She”s been entirely forgotten, but she was a feminist, a slaveholder, a spitfire, a spinster and a brilliant writer of wit, piety and iron will, and without her the United States and even the world would likely not be seeing a proliferation of blue candles in the coming weeks to mark the annual Jewish holiday of Hanukkah. Holiday in the sense of celebration, family dinners, gifts, games and other traditions, but not in the strictest sense of religious intent.
Still, in that way which has been unique to the American culture of E Pluribus Unum, the Protestants, Catholics, Muslims, and Atheists all know about Hanukkah and many join in the Jewish celebration events around the same time as Christmas.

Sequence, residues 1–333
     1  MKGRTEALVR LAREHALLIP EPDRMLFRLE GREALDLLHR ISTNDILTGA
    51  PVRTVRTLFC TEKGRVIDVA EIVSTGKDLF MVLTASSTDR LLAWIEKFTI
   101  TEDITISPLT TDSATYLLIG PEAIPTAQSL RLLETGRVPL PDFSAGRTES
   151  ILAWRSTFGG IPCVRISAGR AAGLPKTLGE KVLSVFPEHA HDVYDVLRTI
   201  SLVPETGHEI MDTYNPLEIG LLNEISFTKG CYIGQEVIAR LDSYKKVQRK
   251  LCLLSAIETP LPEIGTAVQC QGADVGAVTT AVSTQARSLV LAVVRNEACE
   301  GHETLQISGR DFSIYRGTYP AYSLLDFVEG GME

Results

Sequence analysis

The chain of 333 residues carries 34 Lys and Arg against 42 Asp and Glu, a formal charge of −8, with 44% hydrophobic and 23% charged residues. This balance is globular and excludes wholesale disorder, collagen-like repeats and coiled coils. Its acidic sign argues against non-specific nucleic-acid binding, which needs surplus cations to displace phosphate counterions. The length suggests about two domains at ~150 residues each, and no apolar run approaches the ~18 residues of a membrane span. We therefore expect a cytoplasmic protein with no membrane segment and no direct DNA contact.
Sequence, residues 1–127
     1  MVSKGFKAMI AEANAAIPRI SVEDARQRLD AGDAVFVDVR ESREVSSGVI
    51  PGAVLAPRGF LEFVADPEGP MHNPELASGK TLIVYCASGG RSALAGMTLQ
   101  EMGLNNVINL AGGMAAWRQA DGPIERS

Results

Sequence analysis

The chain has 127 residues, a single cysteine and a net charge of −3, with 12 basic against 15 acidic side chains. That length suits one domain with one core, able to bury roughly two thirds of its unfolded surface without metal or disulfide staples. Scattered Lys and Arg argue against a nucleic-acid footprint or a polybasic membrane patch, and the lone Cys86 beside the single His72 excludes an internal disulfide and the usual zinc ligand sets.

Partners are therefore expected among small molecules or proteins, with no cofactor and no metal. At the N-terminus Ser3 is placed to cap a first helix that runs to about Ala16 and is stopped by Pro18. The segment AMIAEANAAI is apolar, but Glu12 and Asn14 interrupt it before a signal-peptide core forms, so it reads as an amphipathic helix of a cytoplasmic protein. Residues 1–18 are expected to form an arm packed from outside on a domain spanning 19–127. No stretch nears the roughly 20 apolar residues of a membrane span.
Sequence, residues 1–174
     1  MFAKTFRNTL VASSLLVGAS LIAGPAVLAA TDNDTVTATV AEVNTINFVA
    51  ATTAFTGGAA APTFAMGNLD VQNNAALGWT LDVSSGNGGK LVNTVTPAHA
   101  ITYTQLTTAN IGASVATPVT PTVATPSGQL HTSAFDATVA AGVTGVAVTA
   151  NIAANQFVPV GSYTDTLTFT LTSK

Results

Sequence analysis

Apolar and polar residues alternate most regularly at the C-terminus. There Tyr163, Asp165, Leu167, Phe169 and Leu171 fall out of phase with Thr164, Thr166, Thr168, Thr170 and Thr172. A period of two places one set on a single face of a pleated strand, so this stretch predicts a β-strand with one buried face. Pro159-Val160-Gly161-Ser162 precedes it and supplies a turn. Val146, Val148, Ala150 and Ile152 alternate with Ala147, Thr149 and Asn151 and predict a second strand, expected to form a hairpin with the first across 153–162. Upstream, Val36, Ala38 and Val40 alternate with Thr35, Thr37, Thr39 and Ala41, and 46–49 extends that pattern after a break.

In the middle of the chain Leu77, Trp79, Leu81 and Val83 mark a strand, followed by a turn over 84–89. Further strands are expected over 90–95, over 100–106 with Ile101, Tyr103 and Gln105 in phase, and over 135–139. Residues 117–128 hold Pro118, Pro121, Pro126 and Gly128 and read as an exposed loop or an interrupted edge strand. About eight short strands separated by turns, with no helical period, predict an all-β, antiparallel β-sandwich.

The winding tale of just how this mere celebration became a big time of year for many Jewish-Americans is a convergence of faith, immigration, marketing and advertising, repression, even humor. Its evolutionary tale involves an orthodox rabbi and a very unorthodox rabbi, Chinese restaurants, kids, candy and card companies – and some facts on just how it was that the color blue became somehow the “official” one of this holiday.
Here again is that tale, American Hanukkah: How Pop Culture Created ‘Jewish Christmas,‘ a highly popular and lavishly-illustrated one from the archives of Carl Anthony Online. It’s a long read, ideal for a rainy weekend afternoon, being stuck in traffic or an excuse to procrastinate at work.